The day after I told Manny (Kiplingers) to get in, the market shot up 500 points. Nice call on the market if I do say so myself. And pure luck. I was thinking it would continue down for a while. But businesses are cheap and that’s what we really care about. And now it's time to figure out what to buy. You guys asked me about Apple, (AAPL), Altria (MO), Verizon (VZ), AT&T (T), Microsoft (MSFT) & ConocoPhillips (COP). I’ll dig in on these, but only after you tell me what they are worth and why.
As always, I want you to do the homework. You sent me two opinions of value for AAPL – Charpe197 thinks $286 is retail. Lynn suggests the right retail value is $151. Since I didn’t see their work, I can’t say for sure why the difference in value, but I thought I’d add another layer of information for those of you who are looking to buy some businesses right now.
I assume both of these investors are using Phil Town's 4Ms to determine the growth rate and PE and from there doing the calculations to find the value. That’s good, but it takes some experience to determine those things and get a solid value.
The best way to go at it is to be sure you’re working on businesses that are easy to understand, so you can get a long term view of their prospects for earnings way down the road. If you can’t do that, you’re taking a lot of risk without really being aware of it.
You’re sort of like these guys who created formulas for determining risk in a mortgage derivative: It looked good on paper, but it wasn’t even a close guess in the real world because their math formulas ignored the obvious – real estate might not continue to go up forever, and when it came down, it would create the mother of all bubble-popping melt-downs.
What they discovered is that you can’t determine value just from looking at the numbers. That lesson applies to us, too. We have to understand what we’re buying.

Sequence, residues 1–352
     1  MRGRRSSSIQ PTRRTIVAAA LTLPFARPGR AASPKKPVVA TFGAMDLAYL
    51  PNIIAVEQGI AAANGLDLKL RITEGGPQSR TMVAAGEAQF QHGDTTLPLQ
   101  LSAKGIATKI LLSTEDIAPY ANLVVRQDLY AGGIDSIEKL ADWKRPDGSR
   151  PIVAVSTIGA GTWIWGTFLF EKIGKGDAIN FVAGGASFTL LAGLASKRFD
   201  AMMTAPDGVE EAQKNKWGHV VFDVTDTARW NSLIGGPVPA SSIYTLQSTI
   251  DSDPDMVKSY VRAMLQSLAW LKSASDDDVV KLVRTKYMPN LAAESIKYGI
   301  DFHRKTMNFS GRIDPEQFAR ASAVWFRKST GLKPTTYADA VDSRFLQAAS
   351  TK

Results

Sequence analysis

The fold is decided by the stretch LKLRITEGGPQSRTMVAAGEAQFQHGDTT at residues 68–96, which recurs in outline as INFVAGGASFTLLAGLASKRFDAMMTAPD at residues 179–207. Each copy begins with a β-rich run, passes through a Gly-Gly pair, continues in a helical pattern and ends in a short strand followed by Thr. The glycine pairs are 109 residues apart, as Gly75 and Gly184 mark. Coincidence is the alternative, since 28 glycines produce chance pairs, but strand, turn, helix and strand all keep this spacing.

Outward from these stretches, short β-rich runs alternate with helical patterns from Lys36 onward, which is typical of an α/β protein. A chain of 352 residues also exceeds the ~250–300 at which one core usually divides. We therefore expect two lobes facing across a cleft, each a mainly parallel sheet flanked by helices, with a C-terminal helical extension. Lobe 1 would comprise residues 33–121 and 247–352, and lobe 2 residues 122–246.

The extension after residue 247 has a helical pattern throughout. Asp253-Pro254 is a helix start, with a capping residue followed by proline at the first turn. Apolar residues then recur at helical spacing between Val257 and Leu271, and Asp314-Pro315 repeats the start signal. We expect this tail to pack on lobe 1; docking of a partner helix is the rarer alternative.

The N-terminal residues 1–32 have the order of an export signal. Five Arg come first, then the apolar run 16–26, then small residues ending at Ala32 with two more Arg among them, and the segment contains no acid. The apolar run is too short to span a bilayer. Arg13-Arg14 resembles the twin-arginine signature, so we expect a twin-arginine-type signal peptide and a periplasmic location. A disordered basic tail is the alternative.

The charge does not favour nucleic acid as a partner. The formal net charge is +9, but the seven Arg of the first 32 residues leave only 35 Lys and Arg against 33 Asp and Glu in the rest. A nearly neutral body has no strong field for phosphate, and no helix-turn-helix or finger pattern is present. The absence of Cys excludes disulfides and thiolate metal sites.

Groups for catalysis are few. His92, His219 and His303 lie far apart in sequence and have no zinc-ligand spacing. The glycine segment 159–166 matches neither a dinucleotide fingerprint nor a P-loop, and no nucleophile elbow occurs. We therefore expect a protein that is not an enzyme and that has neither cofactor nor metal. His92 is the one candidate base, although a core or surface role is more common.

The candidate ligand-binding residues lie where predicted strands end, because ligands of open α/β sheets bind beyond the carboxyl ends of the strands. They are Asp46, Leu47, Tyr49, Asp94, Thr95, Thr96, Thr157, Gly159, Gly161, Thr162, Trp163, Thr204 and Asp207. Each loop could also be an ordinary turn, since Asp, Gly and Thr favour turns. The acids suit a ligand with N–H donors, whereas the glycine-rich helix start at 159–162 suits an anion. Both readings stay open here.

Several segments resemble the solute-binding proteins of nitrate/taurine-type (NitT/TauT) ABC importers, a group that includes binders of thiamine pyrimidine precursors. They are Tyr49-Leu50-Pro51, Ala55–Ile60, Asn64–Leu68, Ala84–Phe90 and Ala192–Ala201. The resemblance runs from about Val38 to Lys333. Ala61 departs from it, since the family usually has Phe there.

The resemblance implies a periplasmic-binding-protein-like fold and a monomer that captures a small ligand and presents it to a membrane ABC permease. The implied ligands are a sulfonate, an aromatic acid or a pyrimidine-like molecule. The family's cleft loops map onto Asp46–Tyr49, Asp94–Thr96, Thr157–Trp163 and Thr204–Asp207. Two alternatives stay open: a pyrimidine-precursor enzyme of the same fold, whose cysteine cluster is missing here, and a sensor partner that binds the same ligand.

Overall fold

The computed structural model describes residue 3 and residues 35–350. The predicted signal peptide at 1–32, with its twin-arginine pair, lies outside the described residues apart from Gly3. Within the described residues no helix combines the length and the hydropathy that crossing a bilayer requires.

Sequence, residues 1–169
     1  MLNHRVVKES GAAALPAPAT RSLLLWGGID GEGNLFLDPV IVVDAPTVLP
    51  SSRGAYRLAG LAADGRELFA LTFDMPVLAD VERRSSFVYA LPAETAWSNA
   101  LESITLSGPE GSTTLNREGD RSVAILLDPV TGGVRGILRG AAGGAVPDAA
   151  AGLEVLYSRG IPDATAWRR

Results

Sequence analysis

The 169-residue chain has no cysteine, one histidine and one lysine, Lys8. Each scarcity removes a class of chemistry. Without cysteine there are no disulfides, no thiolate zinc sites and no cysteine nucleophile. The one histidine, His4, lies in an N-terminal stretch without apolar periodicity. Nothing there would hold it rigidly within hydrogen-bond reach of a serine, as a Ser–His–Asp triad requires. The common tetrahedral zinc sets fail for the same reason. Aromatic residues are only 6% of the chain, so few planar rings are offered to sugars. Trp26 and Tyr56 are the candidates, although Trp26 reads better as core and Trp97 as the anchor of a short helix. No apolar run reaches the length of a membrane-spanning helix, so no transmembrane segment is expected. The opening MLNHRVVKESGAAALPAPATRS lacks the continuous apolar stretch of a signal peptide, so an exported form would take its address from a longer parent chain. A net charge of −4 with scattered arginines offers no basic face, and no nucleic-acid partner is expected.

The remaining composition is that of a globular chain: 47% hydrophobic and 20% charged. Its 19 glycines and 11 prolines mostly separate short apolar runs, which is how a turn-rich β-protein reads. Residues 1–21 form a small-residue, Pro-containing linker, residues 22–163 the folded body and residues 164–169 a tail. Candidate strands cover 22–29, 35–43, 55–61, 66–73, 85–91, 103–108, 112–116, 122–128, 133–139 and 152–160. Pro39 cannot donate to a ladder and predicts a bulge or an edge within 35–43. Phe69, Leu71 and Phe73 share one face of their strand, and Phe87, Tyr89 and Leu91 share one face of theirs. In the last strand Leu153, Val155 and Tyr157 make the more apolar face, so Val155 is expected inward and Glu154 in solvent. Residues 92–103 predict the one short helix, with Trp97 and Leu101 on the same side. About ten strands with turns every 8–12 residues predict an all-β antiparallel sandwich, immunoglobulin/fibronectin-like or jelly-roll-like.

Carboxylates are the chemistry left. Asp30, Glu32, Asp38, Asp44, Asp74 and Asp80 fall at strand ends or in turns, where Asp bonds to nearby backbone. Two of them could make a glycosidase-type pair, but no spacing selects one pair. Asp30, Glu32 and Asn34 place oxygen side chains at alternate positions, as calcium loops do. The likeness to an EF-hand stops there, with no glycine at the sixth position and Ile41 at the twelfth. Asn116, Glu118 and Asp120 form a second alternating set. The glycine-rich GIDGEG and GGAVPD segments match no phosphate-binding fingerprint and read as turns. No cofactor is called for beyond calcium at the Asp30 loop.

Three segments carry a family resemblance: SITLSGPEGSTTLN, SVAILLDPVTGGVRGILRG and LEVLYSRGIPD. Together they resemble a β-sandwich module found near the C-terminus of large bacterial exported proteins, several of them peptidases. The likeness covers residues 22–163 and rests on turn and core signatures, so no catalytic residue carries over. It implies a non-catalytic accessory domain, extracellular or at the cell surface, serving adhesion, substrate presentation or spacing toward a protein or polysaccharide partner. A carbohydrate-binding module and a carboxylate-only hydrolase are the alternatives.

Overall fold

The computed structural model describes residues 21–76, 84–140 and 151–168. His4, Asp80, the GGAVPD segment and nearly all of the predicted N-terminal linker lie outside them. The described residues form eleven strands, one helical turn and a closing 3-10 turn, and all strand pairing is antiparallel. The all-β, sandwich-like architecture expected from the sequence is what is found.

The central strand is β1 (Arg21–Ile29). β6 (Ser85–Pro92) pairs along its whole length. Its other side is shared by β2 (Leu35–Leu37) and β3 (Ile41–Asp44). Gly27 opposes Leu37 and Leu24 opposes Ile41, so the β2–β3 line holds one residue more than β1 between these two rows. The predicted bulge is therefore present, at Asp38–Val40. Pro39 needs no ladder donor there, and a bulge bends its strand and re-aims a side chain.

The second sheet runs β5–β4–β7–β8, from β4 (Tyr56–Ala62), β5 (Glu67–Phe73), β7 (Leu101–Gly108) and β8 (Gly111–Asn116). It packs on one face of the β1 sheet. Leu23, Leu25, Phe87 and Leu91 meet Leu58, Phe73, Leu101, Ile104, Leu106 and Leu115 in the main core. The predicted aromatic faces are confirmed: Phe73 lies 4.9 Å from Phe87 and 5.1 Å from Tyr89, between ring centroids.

Let’s take Apple for an example. Apple is a technology-driven company. They come up with cool new stuff and we all run out and buy it. They created the Macintosh computer and all that cool software, fired Steve Jobs and then found out they got rid of the one guy in the company who could accurately determine what was going to be cool and what was total bs. And Apple almost went down the tubes.
Then Steve came back, looked through all the new products in development, got rid of most of them, kept the iPod and the iPhone, and the rest is history.
Point being, can you tell me where Apple will be for sure in ten years? I love their stuff, but I have no idea. For example, Google just announced a new phone service that will do a lot of what the iPhone does – and a lot more.
Technology is enormously difficult to predict. When you buy a tech company for a long term investment, you better have a good grip on the industry – better then mine. Better than Buffett’s, too.
But let’s say you’re going to go for it with Apple. Long term. Let me show you a way to look at value that is a bit different than what I’ve shown you before.
When I look at buying a private business, I can’t be sure when I can sell it like I can a public stock, so I take a hard look at how long it's going to take me to get my money back just from earnings. I call this valuation concept “PAYBACK TIME”.
The advantage in buying a company like Apple is that I might not be able to see down the road where Apple is going to be in 20 years, but if I can buy Apple and get my money back in five years, I might just do that deal. Five years from now I have no money in the deal (at least theoretically) and I’m playing with house money. That would be a much less risky investment than hoping Apple will continue to crank out genius devices for twenty years.
I’m going to write about Payback Time here for a few posts. I want to give you guys an idea about how to use (and why to use) Payback Time as a way to determining the value of a public business.
More to come about Phil Town Payback Time, and then we’ll look at some companies like the one’s you asked about.
Now go play.Phil Town
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